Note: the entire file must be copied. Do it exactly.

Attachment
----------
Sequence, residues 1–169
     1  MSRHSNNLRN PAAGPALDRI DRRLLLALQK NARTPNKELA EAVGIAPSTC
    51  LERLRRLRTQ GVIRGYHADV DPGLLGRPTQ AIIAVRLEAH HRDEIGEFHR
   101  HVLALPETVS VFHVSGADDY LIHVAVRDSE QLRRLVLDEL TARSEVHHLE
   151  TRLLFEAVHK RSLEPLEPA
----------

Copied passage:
Sequence, residues 1–169
     1  MSRHSNNLRN PAAGPALDRI DRRLLLALQK NARTPNKELA EAVGIAPSTC
    51  LERLRRLRTQ GVIRGYHADV DPGLLGRPTQ AIIAVRLEAH HRDEIGEFHR
   101  HVLALPETVS VFHVSGADDY LIHVAVRDSE QLRRLVLDEL TARSEVHHLE
   151  TRLLFEAVHK RSLEPLEPA